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Film 3.0: The Intersection of Technology and Film

Sep 16, 2012

By Shamir Allibhai

Innovative independent filmmakers have always had to use a bit more ingenuity and tenacity to raise funding, make their movie, get it into the marketplace, and succeed in this industry. And today, they are continuing to trail-blaze, coupling their perseverance with new online tools that are impacting the entire spectrum of making a film, from financing to distribution.

From 13 – 28 September Film 3.0 is under the spotlight here on Doha Film Institute’s website and social media platforms, where we will look at the intersection of technology and film.

We will look at crowd-sourced funding and how you can raise small amounts of money from a lot of people; digital cinematography and the continuing progress with smaller and more powerful cameras; social media marketing and the opportunities to build and involve fans; and digital distribution and how you can sell your film directly to audiences irrespective of geographic borders.

Filmmaker empowerment buoyed by digital technology is breaking the hold away from those who have traditionally had most control in the industry, such as on access to the marketplace, and it shifts the balance of power away from those in Hollywood to filmmakers all around the world.

Film 1.0 was the majority of the past 100 years of filmmaking where celluloid was your only option for making a movie. Think back to the perforated 35mm Kodak film and Super 16mm, once dominant formats. Filmmakers needed big equipment that needed large crews to handle plus developing film was very expensive (and still is!). It was prohibitive to make a movie and you needed to have serious financial backing.

Film 2.0 can be characterised as a major step away from celluloid as the only medium. This reduced production budgets, increasing accessibility to filmmaking to many more people. This period saw the ushering in of tape-based, digital tape-based, and then eventually digital file-based cameras. By not having to worry about processing and development of film plus with the reduction in crew sizes, a significant portion of the budget was eliminated. Also with these changes, the timeline for production and post-production could be shortened, saving further on labour costs (though with cheap storage, filmmakers end up shooting much, much more). In the 90’s and 2000’s post-production moved from analogue to digital offering filmmakers further savings and flexibility – and access to high-end tools.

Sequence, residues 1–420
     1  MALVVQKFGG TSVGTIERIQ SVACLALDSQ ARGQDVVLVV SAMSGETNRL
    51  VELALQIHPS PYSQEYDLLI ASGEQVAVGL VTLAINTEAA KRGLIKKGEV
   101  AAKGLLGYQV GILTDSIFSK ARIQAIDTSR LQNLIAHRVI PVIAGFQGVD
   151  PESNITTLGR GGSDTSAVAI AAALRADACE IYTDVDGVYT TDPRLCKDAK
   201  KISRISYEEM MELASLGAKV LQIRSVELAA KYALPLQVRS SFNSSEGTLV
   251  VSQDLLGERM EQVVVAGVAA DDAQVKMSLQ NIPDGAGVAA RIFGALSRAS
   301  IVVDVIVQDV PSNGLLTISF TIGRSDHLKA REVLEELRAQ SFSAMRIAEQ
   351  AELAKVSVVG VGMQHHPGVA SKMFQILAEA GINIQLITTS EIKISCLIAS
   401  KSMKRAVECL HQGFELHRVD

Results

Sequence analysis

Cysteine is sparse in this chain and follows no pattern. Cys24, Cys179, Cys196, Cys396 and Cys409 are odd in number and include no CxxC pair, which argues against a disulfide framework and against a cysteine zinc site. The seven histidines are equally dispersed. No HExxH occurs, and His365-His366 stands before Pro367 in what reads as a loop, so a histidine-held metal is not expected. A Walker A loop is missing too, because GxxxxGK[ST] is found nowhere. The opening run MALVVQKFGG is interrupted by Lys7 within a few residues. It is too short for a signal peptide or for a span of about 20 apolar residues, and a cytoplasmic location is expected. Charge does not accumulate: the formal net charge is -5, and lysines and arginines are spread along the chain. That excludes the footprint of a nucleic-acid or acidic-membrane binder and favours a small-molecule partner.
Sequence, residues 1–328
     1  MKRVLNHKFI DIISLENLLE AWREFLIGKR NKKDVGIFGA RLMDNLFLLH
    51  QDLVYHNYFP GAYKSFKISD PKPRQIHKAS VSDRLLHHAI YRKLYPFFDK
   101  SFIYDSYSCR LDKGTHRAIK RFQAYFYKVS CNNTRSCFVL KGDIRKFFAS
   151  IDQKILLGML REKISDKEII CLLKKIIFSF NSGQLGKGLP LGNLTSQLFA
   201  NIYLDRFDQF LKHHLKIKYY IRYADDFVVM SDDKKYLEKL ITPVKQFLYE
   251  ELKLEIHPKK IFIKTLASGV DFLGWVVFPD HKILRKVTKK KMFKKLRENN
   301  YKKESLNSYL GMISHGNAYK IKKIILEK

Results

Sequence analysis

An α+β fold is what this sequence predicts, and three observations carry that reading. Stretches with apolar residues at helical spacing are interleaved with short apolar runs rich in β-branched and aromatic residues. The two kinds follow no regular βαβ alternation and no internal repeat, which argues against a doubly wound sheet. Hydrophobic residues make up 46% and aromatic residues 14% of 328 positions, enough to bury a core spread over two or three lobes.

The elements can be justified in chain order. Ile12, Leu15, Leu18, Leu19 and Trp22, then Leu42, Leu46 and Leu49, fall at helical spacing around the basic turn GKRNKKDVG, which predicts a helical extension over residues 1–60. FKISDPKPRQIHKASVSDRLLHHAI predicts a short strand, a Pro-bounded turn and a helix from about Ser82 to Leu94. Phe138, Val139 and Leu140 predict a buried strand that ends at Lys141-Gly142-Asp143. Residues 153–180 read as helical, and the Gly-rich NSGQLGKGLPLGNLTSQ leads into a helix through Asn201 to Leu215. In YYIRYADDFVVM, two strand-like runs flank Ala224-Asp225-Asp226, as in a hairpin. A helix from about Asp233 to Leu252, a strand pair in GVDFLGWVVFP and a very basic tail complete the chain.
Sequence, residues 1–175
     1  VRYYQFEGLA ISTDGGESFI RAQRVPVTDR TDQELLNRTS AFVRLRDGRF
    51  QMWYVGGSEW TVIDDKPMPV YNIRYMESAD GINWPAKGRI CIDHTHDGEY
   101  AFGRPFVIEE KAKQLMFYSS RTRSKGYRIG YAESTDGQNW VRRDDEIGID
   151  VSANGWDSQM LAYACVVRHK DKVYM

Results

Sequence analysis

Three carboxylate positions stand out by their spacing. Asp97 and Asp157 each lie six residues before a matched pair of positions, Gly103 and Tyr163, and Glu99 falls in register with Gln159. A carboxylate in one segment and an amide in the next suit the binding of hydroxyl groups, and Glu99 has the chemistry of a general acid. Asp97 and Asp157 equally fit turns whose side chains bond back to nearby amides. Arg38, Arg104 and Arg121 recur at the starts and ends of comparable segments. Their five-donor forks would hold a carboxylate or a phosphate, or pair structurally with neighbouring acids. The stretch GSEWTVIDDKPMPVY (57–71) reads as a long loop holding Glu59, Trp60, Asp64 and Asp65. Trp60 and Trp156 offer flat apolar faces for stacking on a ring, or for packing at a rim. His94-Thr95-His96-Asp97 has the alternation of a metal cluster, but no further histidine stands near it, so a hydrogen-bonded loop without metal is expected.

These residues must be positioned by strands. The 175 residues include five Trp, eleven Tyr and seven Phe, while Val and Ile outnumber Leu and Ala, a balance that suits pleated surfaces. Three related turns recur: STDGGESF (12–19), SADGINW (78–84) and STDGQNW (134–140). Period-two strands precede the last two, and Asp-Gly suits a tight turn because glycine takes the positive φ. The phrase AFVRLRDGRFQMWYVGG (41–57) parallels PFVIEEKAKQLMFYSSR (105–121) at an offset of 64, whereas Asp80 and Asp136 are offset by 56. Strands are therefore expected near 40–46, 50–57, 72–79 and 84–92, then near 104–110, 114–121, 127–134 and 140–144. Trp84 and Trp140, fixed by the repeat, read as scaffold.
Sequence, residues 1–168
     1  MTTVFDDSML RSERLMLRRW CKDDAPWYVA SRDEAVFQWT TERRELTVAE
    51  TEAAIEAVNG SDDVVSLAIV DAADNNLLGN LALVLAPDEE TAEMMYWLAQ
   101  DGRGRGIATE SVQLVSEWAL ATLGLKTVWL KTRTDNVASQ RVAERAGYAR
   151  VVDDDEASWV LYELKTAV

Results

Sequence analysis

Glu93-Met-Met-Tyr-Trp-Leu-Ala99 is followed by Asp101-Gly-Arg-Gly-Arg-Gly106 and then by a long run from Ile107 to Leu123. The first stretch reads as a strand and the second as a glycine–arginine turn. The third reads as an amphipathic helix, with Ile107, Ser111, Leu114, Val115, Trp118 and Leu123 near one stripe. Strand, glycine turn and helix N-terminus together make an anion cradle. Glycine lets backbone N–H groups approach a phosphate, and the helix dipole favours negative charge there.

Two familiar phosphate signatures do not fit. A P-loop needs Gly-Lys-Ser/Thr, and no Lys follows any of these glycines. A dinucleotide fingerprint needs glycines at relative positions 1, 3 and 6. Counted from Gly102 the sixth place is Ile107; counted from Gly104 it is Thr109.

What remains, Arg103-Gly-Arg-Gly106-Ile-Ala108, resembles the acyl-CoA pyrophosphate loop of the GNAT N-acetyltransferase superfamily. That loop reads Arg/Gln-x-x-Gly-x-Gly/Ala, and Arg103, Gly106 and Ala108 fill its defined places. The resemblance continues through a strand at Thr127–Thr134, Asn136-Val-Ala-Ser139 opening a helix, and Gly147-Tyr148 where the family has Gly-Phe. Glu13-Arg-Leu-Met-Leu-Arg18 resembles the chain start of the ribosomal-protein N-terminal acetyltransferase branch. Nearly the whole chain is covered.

But for a long time many of the other business aspects of the film industry did not change. You still needed an intermediary such as a sales agent and distributor to get your film out into the world. Marketing, for the most part, still involved costly traditional ads on radio, on TV and in print.

Film 3.0 is the realisation of the efficiencies afforded by technology to the independent filmmaker and in all the key areas. It is now more practical to get your movie funded, made, marketed and distributed to so many more people. The notion of the Do-it-yourself filmmaker is taken to a whole new level.

Don’t get me wrong: technology will not improve a bad script, poor acting, shoddy directing or a terrible film. But if you get the essentials of the creative elements right, you have much more opportunity to get your independent film out there and seen by audiences – key to creating a sustainable career in this industry.

There are major challenges still to be tackled. Particularly for Arab filmmakers marketing their films in the Greater Middle East, challenges include Internet penetration, broadband speeds, and e-commerce prevalence. And for all filmmakers, just because it is easier for audiences to discover and watch your film online and there are more devices to watch a film on, the number of hours in a day has not increased and audiences don’t seem to be allocating any more of it to long-form entertainment.

But filmmakers are adapting and new filmmakers are entering the foray, passionate to tell their story and to get it seen and distributed.

We hope you will join us over the next two weeks; share your own Film 3.0 experiences; ask questions and debate; and if you are in Qatar, join us for our first 48-hour film challenge where you will can make a film in a weekend and then spend the next week marketing it online.

Ingenuity, tenacity and innovativeness will always be a part of an indie filmmaker’s tool kit. And we are excited as they couple this with technology to open more doors and for more audiences get access to their brave, bold, and sometimes, unconventional, stories.

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